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Local

New rules for cats in Whiteside County

As of Jan. 1, felines must have rabies vaccinations, be registered

MORRISON – To the major overhaul of its Animal Control Ordinance that took effect in June, the Whiteside County Board has added one more major regulation:

As of Jan. 1, all domesticated cats must be vaccinated for rabies and registered with the county. A 1-year registration will cost $8, a 3-year registration will cost $20.

Feral and barn cats are excluded from the requirement.

Animal Control is in the process of checking with area veterinarians to see which ones will provide the registration service and tags for cats, said Animal Control Warden James Garcia, who helped formulate the new requirements.

Vets are required by the state to do so for dogs, but not for cats.

Should an owner use a vet outside the county, or a vet who does not provide the cat registration tags, he or she must bring the pet’s vaccination record to the Animal Control office at 1701 Industrial Drive in Rock Falls and register the animal there.

Failure to do so can result in a $200 fine.

The board passed the amendment to the code on Nov. 20, in the wake of an increase in rabies statewide this year, and this summer’s discovery of the first rabid bat in Whiteside County in more than 10 years, Whiteside County Health Department Administrator Beth Fiorini said in a news release.

The new requirement is designed not only to protect the health and safety of Whiteside County residents, but also of the cats themselves: By state law, should an unvaccinated cat or dog be exposed to an animal with rabies, or to a potentially rabid animal that cannot be tested, the pet must be quarantined for 6 months, at the owner’s considerable expense, or euthanized, Fiorini said.

A cat or dog that is current with its vaccinations will need only to have a booster shot if exposed to potential rabies.

Whiteside is the 31st county in Illinois to require cats be vaccinated and registered; ​Neither Lee nor Ogle counties are among them. Nationwide, it is a requirement in 27 states, Garcia said.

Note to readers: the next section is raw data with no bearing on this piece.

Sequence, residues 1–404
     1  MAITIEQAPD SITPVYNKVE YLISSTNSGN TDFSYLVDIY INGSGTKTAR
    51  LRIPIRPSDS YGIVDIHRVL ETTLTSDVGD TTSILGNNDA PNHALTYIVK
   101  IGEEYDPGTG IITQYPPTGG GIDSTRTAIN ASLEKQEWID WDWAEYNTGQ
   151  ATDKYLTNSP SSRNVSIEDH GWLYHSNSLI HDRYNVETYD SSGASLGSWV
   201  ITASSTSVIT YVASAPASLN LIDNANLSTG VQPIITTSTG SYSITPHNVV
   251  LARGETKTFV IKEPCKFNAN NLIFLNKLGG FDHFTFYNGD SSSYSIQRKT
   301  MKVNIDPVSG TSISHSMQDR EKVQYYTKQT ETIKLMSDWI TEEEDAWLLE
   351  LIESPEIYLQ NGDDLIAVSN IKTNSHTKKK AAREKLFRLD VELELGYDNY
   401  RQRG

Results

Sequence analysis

In August, a Prophetstown family of six underwent a series of rabies shots after a bat found in their home tested positive for the disease. It was the first positive rabies test in Whiteside County in a decade.

Because the family’s pets – a dog and two cats – didn’t have up-to-date rabies vaccinations, they had to be euthanized.

Earlier this year, three dogs that tangled with a skunk and whose rabies records were not available had to be euthanized when the owners could not afford 6 months of quarantine. Had their rabies records been available, they could have been spared with booster shots.

In April, after 4 months of working and reworking the wording, the county board passed an expanded Animal Control ordinance that took effect June 1, giving the department more power to regulate pet hoarders and breeders, to go after animal abusers and habitual offenders, and to better control the county’s feral cat population by utilizing a trap, neuter and return program.

The rewrite, which took the number of articles in the code from two to seven, was based in part on the Illinois State Humane Care for Animals Act, and on animal control ordinances in Cook and Rock Island counties, Fiorini said at the time.

Read the changes

Click here to see the complete text of the Whiteside County Animal Control ordinance, or call 815-625-3507 for more information. The new rules are in red.

The text governing the new rabies requirement for cats will be added online by the first of the year.

 

How to prevent the spread of rabies

• Keep vaccinations up to date for all dogs, cats and other animals you own. If a pet is exposed to a rabid animal, contact a veterinarian.

• Do not touch, feed, or attract wild animals with open garbage cans or litter.

• Never bring wild animals into your home. Do not try to nurse sick, wild animals to health.  Call animal control or an animal rescue agency for help.

• Teach children to never handle unfamiliar animals, wild or domestic, even if they appear friendly.

• Maintain homes and other buildings so bats can't get inside.

• If a bat is in your home, don't release the bat outdoors until after speaking with animal control or public health officials.

Source: Illinois Department of Public Health, www.dph.illinois.gov

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